A new product or an improved service is proposed and defined. This will require some changes to processes and systems to implement. A project brief and scope is agreed, followed by requirements and design. The project is now planned, funded, resourced, and under change control. Each step has involved some degree of change, from different people working together to new vendors being introduced.
Project execution starts and there shouldn't be any changes as this could impact the holy project management triangle of scope, time and quality. What happens next? Person A returns from leave and wants his requirements added. Design has to be tweaked because of a misinterpreted requirement. The cost goes up because our software code has to be redeveloped to work with the latest version of an Off-The-Shelf product.The hosting server is out of capacity and we have to pay for a new server. The test manager relocate to Australia to become a surf pro! The list goes on.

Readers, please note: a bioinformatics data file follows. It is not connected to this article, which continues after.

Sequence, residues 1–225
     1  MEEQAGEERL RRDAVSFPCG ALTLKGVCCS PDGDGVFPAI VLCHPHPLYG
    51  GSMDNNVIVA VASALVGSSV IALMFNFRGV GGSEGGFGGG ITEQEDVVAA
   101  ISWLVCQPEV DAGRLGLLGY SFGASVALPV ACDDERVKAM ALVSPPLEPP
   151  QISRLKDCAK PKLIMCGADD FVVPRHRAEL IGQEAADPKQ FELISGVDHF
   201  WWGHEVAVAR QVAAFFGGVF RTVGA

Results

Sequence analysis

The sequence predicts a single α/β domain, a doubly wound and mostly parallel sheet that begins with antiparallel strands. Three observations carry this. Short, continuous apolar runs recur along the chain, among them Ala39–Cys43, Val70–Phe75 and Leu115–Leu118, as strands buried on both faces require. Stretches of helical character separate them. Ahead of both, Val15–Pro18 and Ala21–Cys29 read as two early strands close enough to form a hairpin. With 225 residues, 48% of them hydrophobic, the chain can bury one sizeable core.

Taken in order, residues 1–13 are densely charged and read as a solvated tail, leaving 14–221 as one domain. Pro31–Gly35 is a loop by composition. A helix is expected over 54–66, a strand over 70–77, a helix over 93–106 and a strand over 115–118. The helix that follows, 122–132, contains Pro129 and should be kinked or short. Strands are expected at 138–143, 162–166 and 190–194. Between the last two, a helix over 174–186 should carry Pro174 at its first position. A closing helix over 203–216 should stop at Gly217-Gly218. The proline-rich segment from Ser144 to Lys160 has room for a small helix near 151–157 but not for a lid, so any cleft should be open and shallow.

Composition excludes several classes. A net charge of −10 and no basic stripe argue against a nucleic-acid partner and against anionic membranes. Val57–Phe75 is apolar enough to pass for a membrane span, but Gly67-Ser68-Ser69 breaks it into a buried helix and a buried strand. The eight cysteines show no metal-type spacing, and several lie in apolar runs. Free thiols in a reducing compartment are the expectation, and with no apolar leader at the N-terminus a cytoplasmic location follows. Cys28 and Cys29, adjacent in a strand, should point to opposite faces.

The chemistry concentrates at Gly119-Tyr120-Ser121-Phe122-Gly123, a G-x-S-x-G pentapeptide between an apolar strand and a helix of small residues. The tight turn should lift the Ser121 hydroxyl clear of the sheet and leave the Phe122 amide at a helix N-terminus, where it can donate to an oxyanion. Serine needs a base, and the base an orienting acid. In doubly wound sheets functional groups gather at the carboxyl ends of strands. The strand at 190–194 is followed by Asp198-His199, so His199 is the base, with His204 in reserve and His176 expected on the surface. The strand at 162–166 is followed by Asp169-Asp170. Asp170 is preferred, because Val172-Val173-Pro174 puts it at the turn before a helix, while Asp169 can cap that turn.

As you can see, businesses and projects alike are exposed to an endless stream of changes. All these changes result in a great deal of variance in the least and uncertainty at worst. What can business and project leaders do to eliminate avoidable changes and reduce the impact of inevitable changes?
When we say that change is a constant, this is over a period of time. Just like death and taxes, these are unavoidable and inevitable over a long enough period of time. We like to say: time equals change. To reduce the amount of change and minimize the impact of changes on a project, you must reduce the project duration. This means breaking a large project into several shorter projects.
Our advice is therefore to organize projects to be shorter in duration to minimize the impact of changes. Contact us now to find out how you can increase certainty in project outcomes whilst at the same time compounding the business benefits and shortening time-to-market.